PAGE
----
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Sugar Takes On High Fructose Corn Syrup In Legal Battle

by: Tony Isaacs

(NaturalNews) In what has all the appearances of the pot calling the kettle black, two of the unhealthiest and most widely consumed items in the American diet are headed to court to decide which one is more evil. Big Sugar is taking on Big Corn and their High Fructose Corn Syrup (HFCS) in a landmark battle scheduled to go before a Los Angeles federal judge this week.

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Sugar producers are accusing their corn industry rivals of false advertising by casting HFCS as "nutritionally the same as table sugar" and claiming that "your body can't tell the difference." The sugar group contends that HFCS is far less healthy than table sugar and is demanding that the Corn Refiners Association ads be halted as well as demanding payment of unspecified monetary damages.

Medical research on the metabolic effects of consuming sugar versus high fructose corn syrup has consistently indicated heightened risks from the liquid sweetener, said Michael I. Goran, director of the Child Obesity Research Center at USC's Keck School of Medicine.

"There's definitely a difference in metabolic fate and outcome of fructose ingestion relative to glucose," Goran said, noting that HFCS contains more fructose, as its name implies. "So the more you tip the scale toward fructose, the more those negative effects kick in."

A battle between unhealthy giants to see which is worse
High fructose corn syrup was invented in 1957. It took another 20 years to develop a low-cost production method for HFCS. After tariffs that drove up the cost of imported cane and beet sugars, and federal subsidies that drove down the cost of corn, HFCS usage quickly exploded. In 1972, the average American consumed about 1.2 pounds of the HFCS. By 1999, average consumption had ballooned to over 63 pounds.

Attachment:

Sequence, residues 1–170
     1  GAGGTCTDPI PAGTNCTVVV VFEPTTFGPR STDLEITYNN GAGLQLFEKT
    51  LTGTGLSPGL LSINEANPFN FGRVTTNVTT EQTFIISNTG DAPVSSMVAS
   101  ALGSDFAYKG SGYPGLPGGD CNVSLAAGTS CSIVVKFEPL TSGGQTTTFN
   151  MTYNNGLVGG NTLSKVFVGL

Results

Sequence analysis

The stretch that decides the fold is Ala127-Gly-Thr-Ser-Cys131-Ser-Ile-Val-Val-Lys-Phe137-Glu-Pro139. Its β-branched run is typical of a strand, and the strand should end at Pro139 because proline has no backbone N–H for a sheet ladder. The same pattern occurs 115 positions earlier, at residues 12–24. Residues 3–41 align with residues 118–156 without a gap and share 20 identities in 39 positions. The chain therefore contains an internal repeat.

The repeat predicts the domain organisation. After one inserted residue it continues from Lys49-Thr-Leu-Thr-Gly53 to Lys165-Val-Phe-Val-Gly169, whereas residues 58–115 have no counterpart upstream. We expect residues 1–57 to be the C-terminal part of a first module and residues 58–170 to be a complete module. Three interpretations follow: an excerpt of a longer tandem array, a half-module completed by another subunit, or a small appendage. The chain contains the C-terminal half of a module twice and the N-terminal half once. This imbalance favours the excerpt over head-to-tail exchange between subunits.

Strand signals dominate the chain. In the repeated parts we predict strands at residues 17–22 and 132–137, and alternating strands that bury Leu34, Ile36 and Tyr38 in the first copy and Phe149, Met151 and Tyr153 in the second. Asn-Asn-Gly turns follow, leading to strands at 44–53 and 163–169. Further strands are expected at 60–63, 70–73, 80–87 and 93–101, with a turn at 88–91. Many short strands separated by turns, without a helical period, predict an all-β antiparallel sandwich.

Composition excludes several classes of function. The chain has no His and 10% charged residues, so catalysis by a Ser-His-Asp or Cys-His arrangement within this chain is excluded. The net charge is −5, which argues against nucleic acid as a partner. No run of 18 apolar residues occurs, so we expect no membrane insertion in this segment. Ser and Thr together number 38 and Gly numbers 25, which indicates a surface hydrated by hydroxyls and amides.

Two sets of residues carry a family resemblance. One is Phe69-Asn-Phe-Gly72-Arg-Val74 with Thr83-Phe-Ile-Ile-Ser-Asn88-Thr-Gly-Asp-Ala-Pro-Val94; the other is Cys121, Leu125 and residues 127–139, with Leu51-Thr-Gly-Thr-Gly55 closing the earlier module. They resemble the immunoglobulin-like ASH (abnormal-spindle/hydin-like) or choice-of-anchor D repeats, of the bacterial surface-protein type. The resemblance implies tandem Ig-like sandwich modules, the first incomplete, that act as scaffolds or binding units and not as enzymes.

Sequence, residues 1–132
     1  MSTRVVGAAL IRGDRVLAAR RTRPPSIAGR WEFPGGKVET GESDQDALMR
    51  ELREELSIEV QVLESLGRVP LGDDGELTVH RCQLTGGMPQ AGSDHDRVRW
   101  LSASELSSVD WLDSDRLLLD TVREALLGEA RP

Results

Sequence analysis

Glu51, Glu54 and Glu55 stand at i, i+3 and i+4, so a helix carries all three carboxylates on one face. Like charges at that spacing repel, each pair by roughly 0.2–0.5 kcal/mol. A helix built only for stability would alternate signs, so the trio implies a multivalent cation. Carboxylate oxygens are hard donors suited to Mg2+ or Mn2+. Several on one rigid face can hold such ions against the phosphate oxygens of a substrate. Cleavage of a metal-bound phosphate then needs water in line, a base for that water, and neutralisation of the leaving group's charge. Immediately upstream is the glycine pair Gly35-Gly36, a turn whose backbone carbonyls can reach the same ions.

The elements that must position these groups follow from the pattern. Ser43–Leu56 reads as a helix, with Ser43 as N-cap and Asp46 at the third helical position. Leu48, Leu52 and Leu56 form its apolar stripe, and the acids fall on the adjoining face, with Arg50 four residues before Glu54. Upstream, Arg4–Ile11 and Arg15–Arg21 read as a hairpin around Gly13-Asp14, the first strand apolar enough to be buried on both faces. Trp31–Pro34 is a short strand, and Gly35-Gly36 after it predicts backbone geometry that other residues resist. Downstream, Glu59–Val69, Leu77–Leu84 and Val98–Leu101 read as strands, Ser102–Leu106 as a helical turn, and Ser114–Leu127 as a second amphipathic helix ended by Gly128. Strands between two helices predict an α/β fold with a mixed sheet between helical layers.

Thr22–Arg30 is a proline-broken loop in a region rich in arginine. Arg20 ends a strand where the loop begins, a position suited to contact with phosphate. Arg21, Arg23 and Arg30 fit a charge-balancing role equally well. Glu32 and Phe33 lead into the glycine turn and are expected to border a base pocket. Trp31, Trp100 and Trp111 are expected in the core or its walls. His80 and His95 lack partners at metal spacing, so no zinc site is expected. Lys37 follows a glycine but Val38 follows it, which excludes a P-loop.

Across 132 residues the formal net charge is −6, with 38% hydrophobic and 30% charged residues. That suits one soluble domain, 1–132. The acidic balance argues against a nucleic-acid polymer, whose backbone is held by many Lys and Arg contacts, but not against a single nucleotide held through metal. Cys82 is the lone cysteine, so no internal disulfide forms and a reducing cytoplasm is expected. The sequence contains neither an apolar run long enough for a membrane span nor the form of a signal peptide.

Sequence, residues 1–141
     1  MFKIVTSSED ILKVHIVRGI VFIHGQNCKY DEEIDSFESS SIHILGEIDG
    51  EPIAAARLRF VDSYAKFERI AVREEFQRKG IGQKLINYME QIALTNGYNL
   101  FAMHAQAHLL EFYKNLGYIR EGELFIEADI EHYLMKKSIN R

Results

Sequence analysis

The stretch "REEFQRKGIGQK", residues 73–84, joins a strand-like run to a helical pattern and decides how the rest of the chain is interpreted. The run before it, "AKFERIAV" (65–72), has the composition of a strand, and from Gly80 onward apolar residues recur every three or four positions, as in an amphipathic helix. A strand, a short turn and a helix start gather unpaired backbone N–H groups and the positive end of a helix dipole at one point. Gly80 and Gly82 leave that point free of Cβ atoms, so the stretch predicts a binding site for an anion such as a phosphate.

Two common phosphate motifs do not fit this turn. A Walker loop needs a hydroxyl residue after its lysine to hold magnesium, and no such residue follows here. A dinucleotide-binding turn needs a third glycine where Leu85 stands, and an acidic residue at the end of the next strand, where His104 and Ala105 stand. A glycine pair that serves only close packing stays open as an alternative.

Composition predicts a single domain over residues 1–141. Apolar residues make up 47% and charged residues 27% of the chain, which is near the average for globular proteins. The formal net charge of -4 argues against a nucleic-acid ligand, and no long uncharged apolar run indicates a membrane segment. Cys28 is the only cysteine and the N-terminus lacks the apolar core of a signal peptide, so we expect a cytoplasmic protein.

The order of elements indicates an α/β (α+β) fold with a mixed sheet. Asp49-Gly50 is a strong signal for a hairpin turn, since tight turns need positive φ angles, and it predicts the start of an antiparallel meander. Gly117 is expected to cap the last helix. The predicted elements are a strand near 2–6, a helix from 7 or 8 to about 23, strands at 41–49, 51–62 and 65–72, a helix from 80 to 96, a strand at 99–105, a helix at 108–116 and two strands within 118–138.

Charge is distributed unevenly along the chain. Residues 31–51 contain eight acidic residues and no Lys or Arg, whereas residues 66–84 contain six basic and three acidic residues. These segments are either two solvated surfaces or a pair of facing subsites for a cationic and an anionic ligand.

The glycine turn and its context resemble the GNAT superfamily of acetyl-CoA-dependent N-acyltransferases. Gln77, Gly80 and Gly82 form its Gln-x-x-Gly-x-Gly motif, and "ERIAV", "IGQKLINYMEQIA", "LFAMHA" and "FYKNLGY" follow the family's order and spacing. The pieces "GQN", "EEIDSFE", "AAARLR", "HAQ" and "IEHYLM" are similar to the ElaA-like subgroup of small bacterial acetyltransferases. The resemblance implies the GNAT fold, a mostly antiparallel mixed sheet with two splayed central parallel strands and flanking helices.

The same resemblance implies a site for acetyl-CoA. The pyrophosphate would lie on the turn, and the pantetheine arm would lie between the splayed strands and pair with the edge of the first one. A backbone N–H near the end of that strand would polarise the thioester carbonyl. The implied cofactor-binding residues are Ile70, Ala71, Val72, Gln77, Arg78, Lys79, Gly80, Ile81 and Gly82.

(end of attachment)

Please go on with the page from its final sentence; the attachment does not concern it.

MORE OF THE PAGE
The reason that food makers have flocked to HFCS in recent decades is because it is cheaper to make, helps stabilize foods, allows for better browning of baked goods and provides a more concentrated sweetness than the same amount of sugar.

In the last ten years, HFCS usage has plummeted by more than 20% as consumers have grown increasingly wary of the sweetener which has been blamed for America's large and expanding obesity epidemic and a wide array of other health problems, including liver damage, diabetes, heart problems and even mercury consumption. About a decade ago, the surgeon general first expressed alarm over the rapid and ubiquitous spread of the sweetener in processed foods and concerns about HFCS have mounted ever since.

Because of its tarnished image the association representing corn growers, processors and distributors has applied to the U.S. Food and Drug Administration to officially change the name of HFCS to "corn sugar", a move vehemently opposed by the sugar industry.

It isn't just Big Sugar, however, that opposes high fructose corn syrup's efforts to rebrand itself.

"If sugar wanted to change its name to 'highly nutritious vitamins' we would oppose that too," said James S. Turner, a Washington attorney who heads pro-sugar's Citizens for Health.

Both sugar and HFCS rake in hundreds of billions of dollars per year. Though HFCS is considered the unhealthier of the two, table sugar is also horribly unhealthy. The World Health Organization has labeled refined sugar as a leading cause of illness in the world today. Both should be avoided.

According to the USDA, the average American consumed 888 calories per day from sweeteners with an average consumption of 35 pounds of high fructose corn syrup and 47 pounds of sugar per person in 2010 – more than triple the per-capita sweetener intake elsewhere in the world.

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